In a photo snapped from the air just a few days ago, tendrils of dark brown and blue reach out to each other across an ashen, sun-baked wasteland.
The space between those outstretched fingers shrinks with each passing day, as a man-made flood pushes its way down a long-dry stretch of the Colorado River in search of the sea.
The blue of the river could spill into the brown of the Gulf of California’s tidewater channel during high tide Thursday, based on projections from conservationists and federal officials who are tracking the experimental flood unleashed in late March.
It would mark the first time in 20 years that the Colorado has reached the sea, though such a re-connection was never guaranteed. It wasn’t even really the point of the so-called “pulse-flow,” said Jack Simes, spokesman for the U.S. Bureau of Reclamation.
The goal of the two month, 34-million-gallon experiment was to send water down the river’s historic channel to five restoration sites in Mexico and one in Arizona where researchers are trying to bring back the flood-adapted willow and cottonwood forests that once lined the Colorado’s banks.
“That’s been achieved,” Simes said. “The bonus I guess is if (the water) made it to the sea.”
If that’s going to happen, it needs to happen soon.
The pulse flow is scheduled to end Sunday, when Morelos Dam will close its gates and return to its usual role as the Colorado’s last stop.
By the time the 1,400-mile river reaches the dam, a mile south of where California, Arizona and Mexico converge, nearly all of its flow has been diverted to farms and cities — including Las Vegas, which gets 90 percent of its water this way — across seven western states. What little is left after that barely makes it across the border before it is channeled southwest to crops and communities in Mexico’s Mexicali Valley.
All the old river channel sees south of Morelos Dam is a trickle that vanishes well shy of the delta.
Simes said regular water flow to the Gulf of California ended in the 1960s with the construction of Glen Canyon Dam and the creation of Lake Powell on the Utah-Arizona border.
The last significant release of water to the delta came in 1983, when record flooding on the Colorado caused Lake Mead to spill for the first time. The last time the river reached the sea was in 1993, during heavy flooding on the Gila River, a tributary of the Colorado in southern Arizona.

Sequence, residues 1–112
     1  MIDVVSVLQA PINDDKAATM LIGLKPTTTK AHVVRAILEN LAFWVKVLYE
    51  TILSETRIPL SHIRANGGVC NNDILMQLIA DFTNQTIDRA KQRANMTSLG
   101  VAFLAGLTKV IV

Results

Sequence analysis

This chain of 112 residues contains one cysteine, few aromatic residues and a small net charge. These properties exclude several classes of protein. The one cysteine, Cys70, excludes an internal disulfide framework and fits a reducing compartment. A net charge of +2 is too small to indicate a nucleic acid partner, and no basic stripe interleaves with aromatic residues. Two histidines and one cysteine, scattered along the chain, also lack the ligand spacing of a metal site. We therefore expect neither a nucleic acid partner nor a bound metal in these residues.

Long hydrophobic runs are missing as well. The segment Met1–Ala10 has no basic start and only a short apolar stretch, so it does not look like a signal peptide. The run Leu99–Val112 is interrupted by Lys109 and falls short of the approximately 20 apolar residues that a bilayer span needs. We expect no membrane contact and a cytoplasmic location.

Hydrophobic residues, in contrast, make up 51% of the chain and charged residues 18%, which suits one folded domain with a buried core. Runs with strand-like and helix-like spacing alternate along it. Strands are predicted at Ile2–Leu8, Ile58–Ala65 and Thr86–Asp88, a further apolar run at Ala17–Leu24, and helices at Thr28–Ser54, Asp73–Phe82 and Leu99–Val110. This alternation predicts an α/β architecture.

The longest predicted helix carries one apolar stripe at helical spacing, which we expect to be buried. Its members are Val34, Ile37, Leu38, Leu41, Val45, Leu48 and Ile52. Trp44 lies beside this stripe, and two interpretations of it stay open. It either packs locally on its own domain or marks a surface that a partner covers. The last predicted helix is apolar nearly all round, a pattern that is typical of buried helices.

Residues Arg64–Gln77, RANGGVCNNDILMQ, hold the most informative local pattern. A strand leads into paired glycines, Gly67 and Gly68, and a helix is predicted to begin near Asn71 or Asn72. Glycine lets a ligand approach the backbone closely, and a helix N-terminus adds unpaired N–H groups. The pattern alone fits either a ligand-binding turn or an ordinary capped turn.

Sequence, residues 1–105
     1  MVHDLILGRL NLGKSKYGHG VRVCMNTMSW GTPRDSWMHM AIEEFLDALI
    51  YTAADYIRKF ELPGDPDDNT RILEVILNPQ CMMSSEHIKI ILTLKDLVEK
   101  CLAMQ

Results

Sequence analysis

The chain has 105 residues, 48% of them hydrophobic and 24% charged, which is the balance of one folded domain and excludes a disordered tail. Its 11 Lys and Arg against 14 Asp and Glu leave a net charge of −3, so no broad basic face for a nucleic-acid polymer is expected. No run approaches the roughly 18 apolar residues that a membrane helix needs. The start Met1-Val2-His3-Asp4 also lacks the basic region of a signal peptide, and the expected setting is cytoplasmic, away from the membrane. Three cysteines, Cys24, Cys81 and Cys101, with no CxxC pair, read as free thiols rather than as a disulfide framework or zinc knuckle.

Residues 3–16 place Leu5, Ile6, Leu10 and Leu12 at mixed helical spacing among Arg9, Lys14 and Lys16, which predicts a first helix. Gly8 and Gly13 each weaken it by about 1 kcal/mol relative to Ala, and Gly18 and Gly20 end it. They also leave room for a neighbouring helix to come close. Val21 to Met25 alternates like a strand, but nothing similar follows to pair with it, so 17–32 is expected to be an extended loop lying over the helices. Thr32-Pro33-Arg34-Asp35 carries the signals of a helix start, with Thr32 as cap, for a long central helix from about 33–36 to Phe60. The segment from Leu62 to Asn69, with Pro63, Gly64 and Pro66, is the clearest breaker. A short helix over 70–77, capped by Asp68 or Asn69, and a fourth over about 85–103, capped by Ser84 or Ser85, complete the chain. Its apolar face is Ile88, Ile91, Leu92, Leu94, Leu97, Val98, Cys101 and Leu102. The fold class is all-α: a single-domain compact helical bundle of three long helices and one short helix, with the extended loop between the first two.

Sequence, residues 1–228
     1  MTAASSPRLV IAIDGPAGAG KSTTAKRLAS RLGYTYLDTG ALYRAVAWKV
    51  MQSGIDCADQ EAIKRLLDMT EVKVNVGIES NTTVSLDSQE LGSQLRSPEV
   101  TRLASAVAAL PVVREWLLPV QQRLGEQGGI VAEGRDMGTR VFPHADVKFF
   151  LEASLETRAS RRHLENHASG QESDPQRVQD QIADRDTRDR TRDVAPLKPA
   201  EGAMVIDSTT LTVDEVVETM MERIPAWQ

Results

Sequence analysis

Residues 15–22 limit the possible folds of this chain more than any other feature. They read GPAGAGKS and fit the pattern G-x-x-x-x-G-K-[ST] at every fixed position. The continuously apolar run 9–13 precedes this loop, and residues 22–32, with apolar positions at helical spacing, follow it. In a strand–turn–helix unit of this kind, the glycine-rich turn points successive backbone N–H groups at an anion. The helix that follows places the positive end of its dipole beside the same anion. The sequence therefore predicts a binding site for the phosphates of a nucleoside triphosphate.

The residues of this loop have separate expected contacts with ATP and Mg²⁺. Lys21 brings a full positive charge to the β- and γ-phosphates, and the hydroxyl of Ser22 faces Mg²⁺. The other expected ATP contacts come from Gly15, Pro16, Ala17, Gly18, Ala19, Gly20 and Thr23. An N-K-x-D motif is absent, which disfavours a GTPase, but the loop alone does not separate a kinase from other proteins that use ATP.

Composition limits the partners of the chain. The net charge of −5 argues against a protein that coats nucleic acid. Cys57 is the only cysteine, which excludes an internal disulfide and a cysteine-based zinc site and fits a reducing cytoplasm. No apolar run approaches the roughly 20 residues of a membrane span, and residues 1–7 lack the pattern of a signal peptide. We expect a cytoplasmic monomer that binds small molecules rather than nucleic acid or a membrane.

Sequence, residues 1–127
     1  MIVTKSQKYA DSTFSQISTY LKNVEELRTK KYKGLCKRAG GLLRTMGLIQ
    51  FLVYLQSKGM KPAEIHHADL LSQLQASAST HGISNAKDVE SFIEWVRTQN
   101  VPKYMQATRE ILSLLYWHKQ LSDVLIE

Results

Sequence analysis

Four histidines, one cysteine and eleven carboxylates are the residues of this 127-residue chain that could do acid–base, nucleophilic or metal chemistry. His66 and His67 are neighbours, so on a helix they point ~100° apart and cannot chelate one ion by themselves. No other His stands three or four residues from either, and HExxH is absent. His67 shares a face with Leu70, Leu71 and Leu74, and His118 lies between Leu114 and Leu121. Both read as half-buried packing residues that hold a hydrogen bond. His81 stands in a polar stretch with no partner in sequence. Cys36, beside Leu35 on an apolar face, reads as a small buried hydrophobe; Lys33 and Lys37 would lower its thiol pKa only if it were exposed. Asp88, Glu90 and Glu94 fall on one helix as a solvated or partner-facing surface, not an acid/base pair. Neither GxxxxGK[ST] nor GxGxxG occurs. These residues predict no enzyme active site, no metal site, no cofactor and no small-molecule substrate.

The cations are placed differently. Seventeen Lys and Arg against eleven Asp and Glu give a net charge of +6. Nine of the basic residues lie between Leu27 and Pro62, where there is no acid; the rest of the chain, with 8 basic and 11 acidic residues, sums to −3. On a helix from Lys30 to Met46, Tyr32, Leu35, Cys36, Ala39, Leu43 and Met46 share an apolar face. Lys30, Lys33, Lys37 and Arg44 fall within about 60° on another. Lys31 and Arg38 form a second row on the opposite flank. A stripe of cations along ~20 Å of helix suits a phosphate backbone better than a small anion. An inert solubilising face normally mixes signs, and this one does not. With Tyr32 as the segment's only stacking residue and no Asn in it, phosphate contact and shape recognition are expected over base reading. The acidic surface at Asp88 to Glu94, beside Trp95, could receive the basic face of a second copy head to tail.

The pulse flow was made possible by a 2012 amendment to a 70-year-old treaty between the United States and Mexico. Known as Minute 319, the amendment spells out how Mexico will share in shortages and surpluses on the river while allowing that nation to store water in Lake Mead for future use, just as Nevada, Arizona and California do.
The initial pulse of water to the delta eventually will be followed by a small but steady stream of “base flows” totaling about half of the current flood and designed to keep the channel wet during the growing season as the riparian habitat struggles back to life.
A coalition of nonprofit groups on both sides of the border will secure the water for the base flows by buying up temporary water rights from willing sellers in Mexico.
Jennifer Pitt is Colorado River project manager for one of those nonprofits, the Environmental Defense Fund. She considers what man has done to the Colorado “a fundamental disruption of nature,” so seeing the river reach the sea again certainly has symbolic value, even if it wasn’t why the pulse flow experiment was undertaken.
“We’ve been missing that connection for a long time,” Pitt said. “It does feel meaningful. What it will mean from an ecological perspective will be up to the researchers to figure out.”
If the river does reach the gulf on Thursday, the connection will be fleeting. As soon as the flow through Morelos Dam is halted this weekend, there will be nothing left in the river downstream to keep the delta from drying up once more.
Contact Henry Brean at firstname.lastname@example.org or 702-383-0350. Find him on Twitter: @RefriedBrean.